Malaysian opposition leader and former deputy prime minister Anwar Ibrahim [personal profile; JURIST news archive] was charged Tuesday along with two colleagues for violating a government protest ban. They face charges for violating the recently passed Peaceful Assembly Act [text, PDF] by participating in a large-scale demonstration last month to demand electoral reforms. Anwar, who was acquitted of sodomy charges [JURIST report] in January, claims these new charges are politically motivated [AP report] to prevent him from preparing for national elections that may occur next fall. Groups such as Human Rights Watch [advocacy website] have called for the charges to be dropped [press release]. A hearing is Scheduled for July 2.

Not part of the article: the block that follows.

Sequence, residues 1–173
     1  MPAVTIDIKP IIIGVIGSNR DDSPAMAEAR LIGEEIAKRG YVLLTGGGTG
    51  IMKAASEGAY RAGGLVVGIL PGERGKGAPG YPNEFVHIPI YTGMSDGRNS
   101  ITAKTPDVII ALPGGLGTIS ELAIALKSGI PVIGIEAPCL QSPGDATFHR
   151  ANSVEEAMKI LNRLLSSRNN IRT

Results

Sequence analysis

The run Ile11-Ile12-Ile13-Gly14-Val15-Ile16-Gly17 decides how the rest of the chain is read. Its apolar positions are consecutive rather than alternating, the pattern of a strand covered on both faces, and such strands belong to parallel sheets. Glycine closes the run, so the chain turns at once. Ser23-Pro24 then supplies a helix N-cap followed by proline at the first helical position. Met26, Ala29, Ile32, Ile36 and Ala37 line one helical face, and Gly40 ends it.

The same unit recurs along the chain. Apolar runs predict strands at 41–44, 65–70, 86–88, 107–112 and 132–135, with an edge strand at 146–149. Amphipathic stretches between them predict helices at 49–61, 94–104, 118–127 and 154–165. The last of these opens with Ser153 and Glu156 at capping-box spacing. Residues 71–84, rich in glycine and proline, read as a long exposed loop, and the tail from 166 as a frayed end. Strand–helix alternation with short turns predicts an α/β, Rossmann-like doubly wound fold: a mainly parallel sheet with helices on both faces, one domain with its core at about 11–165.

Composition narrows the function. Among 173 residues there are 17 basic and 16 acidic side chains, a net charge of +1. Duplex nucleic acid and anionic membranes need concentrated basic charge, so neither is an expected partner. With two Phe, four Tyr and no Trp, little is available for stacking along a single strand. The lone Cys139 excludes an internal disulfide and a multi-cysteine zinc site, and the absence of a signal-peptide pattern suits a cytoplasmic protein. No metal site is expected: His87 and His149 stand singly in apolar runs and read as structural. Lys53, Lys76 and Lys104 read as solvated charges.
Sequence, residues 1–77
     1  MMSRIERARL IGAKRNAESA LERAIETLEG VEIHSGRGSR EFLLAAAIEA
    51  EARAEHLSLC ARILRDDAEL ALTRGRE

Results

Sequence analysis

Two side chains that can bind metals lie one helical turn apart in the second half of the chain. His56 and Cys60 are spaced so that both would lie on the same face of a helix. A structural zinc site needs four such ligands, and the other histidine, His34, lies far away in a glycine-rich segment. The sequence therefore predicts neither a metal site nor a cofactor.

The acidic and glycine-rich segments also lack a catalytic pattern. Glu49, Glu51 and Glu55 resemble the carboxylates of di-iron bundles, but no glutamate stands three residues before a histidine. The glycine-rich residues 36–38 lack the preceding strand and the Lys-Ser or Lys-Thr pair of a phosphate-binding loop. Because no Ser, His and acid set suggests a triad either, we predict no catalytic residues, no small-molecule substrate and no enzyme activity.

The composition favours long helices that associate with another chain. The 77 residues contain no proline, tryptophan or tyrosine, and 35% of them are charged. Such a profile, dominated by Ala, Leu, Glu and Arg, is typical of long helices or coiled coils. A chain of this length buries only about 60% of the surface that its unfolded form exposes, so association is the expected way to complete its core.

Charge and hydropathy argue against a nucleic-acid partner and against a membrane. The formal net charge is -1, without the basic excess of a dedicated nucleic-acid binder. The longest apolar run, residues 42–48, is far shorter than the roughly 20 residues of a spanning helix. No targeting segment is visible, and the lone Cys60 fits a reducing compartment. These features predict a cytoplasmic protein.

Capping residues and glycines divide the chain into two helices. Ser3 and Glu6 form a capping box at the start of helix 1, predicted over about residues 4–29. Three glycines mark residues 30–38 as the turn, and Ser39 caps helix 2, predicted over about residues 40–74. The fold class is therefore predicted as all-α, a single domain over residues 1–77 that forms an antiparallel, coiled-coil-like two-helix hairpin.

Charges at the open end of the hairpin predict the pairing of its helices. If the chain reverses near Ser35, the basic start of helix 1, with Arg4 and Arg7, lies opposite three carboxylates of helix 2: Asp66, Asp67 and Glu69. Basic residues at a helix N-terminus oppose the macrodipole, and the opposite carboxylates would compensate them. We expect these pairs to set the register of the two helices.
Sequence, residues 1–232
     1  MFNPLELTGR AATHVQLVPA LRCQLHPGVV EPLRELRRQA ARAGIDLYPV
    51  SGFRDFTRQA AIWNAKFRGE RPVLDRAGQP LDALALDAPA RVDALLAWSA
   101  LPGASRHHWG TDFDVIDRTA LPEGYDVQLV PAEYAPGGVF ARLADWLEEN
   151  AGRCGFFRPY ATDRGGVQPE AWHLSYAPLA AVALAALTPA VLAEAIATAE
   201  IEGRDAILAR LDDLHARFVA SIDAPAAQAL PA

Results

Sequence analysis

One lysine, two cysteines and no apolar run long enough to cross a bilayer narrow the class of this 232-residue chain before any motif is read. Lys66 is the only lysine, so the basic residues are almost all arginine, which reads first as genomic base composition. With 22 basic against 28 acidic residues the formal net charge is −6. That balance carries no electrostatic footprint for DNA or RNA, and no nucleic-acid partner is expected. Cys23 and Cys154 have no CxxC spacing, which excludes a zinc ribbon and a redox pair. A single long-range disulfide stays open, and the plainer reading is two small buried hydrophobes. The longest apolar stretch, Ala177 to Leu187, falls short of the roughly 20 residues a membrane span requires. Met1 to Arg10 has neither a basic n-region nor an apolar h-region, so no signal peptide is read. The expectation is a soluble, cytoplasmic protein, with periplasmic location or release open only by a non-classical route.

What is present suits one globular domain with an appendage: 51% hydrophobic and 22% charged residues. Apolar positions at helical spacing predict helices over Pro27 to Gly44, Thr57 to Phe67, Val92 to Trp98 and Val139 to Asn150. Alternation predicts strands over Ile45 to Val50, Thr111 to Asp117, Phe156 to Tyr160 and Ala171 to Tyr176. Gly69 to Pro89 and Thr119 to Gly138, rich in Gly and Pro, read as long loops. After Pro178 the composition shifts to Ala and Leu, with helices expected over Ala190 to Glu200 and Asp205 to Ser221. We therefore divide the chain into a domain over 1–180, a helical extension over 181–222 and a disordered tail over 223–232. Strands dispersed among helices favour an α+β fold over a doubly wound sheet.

In December a UN panel of independent human rights experts warned that the Peaceful Assembly Act would severely curtail [JURIST report] citizens' right to peaceably assemble. In November Malaysian Prime Minister Najib Razak [official profile] defended the law [JURIST report], saying it would balance citizens' right to protest with public safety concerns. However, it has drawn ire from both Malaysians and the international community. Anwar himself has stated that the bill is more draconian than previous free speech crackdowns in Zimbabwe and Myanmar [JURIST reports].